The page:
Every person should be able to enjoy the public parks, libraries, centres, and wide-open spaces that make our beautiful Australian communities so special.


“Having more open and accessible public spaces plays an essential role in building a sense of community,” says Ela Glogowska, architect and PhD candidate at the School of Built Environment at UNSW. “These are the places where people bond, interact and enjoy life.”


Thankfully, this is a statement that many council and city representatives agree on, with a greater push for initiatives that transform our public spaces to make them more accessible for people living with disability. 


Ms Glogowska, alongside Dr Mike Harris, Senior Lecturer in urban design and landscape architecture at UNSW, say that new community ‘pocket parks’ are one great example of this. 


These parks are miniature versions of your favourite public spaces, often with seating, plants and shade for people to relax, but are typically no bigger than a few hundred square meters. 
“The idea behind pocket parks is to get more out of the space we have,” says Dr Harris. “Usually, that’s by turning a small portion of the street into a useable recreational space the whole community can enjoy.”


Not only can these parks be tailored to the needs of the local area, but the space offers more open areas for people with mobility aids and wheelchairs to enjoy the daily comings and goings of their community. They can be a stop-off between shops, or simply a great place to read a book. 


Mobility Maps

Another way that councils are making their cities and regions more accessible is by offering mobility maps. These typically identify footpaths, shared pathways, community areas, and trails accessible for people of all abilities, including anyone with wheels. 


These maps can be found on local council websites. However major cities also have many resources available, including maps, information guides, and transport services:


These resources can be handy not just when navigating the local area, but also planning trips too.


Tech can fill the gaps 

However, when mobility maps aren’t available, sometimes tech can step in. New apps like See Me, developed by South Australian, Cassie Hames, can offer a more inclusive and stress-free public transport experience.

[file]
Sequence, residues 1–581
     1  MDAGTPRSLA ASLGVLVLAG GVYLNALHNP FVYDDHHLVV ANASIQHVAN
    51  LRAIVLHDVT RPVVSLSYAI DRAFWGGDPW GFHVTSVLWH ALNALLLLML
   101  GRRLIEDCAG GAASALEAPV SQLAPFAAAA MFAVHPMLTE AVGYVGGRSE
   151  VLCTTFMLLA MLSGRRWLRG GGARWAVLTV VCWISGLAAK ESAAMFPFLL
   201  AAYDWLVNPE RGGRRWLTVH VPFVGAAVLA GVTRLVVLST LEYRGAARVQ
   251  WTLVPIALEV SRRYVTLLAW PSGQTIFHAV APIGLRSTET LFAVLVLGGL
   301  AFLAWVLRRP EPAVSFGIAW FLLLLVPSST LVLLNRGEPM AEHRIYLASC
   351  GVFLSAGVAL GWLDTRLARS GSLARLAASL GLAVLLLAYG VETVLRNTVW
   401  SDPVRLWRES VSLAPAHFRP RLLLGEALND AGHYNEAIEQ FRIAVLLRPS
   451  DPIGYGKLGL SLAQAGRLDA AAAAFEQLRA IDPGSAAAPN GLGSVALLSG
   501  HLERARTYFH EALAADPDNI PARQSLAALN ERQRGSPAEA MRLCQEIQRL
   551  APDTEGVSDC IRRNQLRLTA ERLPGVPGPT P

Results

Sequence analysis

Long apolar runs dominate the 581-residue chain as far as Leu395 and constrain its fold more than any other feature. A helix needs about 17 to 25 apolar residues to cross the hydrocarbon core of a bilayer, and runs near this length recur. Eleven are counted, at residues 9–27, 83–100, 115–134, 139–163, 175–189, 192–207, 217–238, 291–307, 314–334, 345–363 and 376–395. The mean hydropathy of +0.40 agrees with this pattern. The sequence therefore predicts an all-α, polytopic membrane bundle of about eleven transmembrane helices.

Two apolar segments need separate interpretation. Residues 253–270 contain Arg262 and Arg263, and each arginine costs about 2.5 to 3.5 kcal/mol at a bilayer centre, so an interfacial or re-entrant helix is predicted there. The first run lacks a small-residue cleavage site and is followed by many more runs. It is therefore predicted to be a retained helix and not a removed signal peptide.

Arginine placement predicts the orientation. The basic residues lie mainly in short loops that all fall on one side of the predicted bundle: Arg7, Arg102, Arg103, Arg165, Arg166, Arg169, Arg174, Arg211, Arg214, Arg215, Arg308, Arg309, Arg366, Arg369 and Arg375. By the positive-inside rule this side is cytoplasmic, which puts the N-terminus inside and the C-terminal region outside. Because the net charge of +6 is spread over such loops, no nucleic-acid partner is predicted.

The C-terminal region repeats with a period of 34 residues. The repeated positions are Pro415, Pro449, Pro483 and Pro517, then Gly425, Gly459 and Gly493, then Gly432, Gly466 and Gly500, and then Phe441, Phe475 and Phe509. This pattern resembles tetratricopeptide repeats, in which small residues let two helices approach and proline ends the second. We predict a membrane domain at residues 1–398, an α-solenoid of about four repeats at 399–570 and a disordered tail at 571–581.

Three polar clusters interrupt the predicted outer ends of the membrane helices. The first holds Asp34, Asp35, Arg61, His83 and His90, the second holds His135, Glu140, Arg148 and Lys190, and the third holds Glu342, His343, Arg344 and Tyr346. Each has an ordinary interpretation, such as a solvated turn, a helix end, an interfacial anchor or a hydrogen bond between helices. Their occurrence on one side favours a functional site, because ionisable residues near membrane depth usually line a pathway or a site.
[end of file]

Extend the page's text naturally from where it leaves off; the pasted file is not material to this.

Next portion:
The app works by letting users alert bus drivers of their presence at a stop, ensuring they’re not missed. Once onboard, the app notifies users of upcoming stops, eliminating guesswork and anxiety. 

You can read more about See Me on our blog


You don’t have to navigate it alone

Ultimately, public spaces have a huge benefit to our wellbeing. So, we don’t want anyone to miss out on the value of them, believes Ms Glogowska. 


“If we want a healthy and happy society, we need a diversity of quality public spaces for the public to enjoy.”


However, it can often be daunting navigating a public space for the first time alone, especially if you live with a disability. 


Luckily, you don’t have to. Just Better Care has friendly people who can help you stay connected to your community – our brilliant Support Workers! Not only are they local to where you live, which means they know all the best coffee and people watching spots, but they can transport you there too. 


You can choose where you want to go, whether it’s a pocket park, a local library or a sports field, and your Support Worker will make it happen. You can set this up on a regular schedule, or an ad hoc basis. It’s up to you. 
 Contact your local Just Better Care office to get started. They will have you out enjoying the fresh air in no time.